Vatican Chiaramonti Museum
Founded by Pius VII Chiaramonti (1800-1823) for a collection of Roman busts and statues, the Museum was organized by the neoclassical sculptor Antonio Canova in 1807. There are about a thousand sculptures, including portraits of Emperors and gods, several fragments, friezes and relieves of sarcophagi. Noteworthy is a funerari monument of a miller dating from the 1st century A.D., which was found at Ostia.
Braccio Nuovo Gallery
Built by Pius VII and inaugurated in 1822. It contains Roman statues and Roman copies of Greek original statues; mosaics are set on the floors. The most remarkable works are the following: a statue of Augustus found at Prima Porta (north of Rome); a Roman copy of the Doryphorus from an original by the Greek sculptor Polykleitos (440 B.C.); two splendid gilded bronze peacocks, that may come from Hadrian’s Mausoleum, copies of which are in the Courtyard of the “Pigna”; the statue of Nile, a Roman copy of a 1st century Hellenistic statue originally found in the Temple of Isis, near the Pantheon and showing the great Egyptian river with its tributaries.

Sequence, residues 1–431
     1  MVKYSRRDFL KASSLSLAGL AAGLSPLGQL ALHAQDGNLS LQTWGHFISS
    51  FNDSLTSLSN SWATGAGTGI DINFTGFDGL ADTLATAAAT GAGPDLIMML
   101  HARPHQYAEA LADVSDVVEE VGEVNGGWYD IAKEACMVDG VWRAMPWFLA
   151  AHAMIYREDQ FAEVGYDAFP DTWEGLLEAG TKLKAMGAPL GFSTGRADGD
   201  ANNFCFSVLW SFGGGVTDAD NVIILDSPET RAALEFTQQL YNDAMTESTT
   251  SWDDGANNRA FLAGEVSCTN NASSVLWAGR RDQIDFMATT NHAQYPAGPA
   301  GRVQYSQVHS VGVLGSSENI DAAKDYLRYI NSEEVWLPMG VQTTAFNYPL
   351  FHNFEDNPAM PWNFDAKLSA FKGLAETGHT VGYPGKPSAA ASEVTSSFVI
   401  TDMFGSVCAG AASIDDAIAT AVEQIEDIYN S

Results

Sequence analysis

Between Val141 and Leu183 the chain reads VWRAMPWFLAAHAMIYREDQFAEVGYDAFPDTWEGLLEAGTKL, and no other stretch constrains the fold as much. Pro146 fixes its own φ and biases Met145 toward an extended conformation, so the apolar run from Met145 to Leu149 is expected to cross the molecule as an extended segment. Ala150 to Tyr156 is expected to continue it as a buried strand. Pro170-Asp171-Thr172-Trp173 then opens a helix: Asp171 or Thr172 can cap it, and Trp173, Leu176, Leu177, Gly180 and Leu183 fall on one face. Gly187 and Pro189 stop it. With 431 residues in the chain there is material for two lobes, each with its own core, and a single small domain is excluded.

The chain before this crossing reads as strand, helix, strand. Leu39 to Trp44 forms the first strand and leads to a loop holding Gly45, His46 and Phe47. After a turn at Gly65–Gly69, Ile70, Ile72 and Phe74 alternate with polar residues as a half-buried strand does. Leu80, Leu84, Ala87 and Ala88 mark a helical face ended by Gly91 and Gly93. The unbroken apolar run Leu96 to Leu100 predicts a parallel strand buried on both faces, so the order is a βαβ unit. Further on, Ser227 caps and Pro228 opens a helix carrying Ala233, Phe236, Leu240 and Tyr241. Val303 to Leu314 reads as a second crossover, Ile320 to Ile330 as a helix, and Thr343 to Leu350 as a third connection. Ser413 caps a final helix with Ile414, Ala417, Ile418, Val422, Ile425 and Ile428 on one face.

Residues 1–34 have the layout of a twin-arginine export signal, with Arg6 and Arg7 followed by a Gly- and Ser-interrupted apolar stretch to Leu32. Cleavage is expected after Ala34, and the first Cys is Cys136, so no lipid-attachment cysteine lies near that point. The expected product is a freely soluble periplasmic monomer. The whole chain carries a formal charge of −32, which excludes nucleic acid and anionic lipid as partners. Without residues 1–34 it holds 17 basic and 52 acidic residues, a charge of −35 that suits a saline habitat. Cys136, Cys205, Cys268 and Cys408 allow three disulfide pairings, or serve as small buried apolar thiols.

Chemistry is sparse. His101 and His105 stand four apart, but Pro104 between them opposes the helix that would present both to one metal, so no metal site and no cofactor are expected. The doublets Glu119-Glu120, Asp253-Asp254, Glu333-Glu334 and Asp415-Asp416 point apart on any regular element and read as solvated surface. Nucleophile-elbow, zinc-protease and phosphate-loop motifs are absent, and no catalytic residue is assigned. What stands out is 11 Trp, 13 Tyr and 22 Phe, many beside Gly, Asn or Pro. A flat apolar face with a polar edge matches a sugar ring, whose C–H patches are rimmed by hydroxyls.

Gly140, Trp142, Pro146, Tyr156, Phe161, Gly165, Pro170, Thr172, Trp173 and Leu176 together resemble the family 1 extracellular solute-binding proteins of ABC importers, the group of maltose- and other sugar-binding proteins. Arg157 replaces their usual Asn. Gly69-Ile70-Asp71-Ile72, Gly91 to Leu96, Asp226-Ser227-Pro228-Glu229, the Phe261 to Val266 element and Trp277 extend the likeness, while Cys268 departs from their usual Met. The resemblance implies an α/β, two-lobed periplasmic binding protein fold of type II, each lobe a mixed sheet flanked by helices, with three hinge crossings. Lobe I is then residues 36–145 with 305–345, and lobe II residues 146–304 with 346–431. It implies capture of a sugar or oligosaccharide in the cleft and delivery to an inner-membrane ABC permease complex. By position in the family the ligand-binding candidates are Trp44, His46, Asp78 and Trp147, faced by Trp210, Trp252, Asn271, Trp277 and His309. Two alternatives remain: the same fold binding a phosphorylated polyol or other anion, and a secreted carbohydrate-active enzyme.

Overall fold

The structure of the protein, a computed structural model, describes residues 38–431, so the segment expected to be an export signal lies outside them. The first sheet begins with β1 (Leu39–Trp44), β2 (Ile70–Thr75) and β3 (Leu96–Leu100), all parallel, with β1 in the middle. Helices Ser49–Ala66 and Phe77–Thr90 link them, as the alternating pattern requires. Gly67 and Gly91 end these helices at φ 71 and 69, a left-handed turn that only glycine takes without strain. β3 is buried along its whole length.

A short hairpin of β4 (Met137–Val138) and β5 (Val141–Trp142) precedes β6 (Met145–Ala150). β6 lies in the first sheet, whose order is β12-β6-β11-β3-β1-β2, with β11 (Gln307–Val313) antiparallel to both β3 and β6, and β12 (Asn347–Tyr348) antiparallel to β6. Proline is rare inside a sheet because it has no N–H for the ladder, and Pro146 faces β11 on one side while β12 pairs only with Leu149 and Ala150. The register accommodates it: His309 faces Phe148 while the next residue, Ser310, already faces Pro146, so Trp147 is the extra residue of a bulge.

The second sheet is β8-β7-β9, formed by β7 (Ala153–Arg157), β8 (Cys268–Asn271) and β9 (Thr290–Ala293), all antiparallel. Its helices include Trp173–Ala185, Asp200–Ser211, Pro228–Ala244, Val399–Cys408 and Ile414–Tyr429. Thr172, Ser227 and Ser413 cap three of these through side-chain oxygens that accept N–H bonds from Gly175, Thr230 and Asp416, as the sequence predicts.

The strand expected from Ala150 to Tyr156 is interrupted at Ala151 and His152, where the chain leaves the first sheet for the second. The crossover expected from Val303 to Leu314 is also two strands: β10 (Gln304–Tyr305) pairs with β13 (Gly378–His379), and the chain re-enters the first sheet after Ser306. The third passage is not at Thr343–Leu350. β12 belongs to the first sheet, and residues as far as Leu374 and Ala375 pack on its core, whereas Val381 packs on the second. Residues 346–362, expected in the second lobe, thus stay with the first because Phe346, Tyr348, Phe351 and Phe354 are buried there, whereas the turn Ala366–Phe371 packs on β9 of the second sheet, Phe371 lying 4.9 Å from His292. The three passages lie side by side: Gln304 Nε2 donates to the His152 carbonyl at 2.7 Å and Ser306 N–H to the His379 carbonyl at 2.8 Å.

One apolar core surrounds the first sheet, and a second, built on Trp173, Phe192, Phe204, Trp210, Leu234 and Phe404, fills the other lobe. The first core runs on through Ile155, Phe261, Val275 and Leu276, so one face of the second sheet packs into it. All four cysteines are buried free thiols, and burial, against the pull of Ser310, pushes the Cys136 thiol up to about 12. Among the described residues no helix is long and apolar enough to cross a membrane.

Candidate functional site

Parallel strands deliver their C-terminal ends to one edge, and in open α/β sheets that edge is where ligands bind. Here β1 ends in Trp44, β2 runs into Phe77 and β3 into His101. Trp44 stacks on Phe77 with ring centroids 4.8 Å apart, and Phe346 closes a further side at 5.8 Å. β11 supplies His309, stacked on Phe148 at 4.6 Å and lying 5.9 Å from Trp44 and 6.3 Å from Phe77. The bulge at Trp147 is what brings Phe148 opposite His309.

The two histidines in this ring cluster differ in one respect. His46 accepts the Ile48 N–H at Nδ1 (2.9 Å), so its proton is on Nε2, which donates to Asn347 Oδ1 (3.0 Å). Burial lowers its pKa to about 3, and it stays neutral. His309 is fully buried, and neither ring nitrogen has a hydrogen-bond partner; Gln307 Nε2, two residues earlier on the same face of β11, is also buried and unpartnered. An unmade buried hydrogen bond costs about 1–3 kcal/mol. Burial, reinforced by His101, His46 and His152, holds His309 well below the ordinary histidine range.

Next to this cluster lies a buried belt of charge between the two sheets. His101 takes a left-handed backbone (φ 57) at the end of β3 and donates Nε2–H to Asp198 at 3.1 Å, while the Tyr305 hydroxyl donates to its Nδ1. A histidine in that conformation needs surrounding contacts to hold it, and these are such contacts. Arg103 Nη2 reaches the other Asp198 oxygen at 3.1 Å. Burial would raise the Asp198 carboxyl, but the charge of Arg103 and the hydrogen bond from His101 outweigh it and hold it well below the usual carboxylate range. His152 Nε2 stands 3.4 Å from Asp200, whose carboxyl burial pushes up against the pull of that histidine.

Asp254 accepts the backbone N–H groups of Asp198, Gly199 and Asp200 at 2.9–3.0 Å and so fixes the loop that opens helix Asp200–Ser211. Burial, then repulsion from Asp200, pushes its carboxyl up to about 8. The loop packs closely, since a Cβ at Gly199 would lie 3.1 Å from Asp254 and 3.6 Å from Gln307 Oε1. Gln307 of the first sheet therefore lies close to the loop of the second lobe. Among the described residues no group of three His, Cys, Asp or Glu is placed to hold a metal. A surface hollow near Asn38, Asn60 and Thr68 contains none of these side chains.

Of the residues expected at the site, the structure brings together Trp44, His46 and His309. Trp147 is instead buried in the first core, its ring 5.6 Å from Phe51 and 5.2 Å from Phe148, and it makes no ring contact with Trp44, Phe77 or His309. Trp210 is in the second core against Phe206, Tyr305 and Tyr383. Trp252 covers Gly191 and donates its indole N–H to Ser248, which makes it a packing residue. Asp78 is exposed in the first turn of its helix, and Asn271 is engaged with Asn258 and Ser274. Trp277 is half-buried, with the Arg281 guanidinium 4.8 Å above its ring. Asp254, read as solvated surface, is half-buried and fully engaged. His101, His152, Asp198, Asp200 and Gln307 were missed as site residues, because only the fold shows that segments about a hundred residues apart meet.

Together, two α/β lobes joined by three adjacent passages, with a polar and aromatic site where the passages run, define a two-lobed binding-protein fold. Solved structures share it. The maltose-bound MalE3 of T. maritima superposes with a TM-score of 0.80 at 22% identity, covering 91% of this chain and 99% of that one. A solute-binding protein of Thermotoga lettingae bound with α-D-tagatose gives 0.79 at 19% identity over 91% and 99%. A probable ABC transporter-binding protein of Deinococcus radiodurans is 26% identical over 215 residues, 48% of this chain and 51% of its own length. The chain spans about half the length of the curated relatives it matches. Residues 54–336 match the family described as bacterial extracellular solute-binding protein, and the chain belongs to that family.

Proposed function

The Vatican City is a UNESCO World Heritage Site.
(Scan of 35mm print taken in 1982)
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